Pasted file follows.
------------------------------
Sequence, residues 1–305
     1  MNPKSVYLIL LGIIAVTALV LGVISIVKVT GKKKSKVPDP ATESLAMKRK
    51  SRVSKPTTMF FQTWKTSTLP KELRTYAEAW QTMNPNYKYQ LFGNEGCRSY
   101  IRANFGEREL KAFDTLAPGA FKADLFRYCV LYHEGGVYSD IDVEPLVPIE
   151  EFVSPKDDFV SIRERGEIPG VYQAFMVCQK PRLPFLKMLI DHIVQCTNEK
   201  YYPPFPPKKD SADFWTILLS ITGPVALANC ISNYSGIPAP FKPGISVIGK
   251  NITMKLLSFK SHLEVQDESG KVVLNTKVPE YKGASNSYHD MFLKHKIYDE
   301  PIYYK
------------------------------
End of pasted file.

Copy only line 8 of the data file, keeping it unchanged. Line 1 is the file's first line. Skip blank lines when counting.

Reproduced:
   301  PIYYK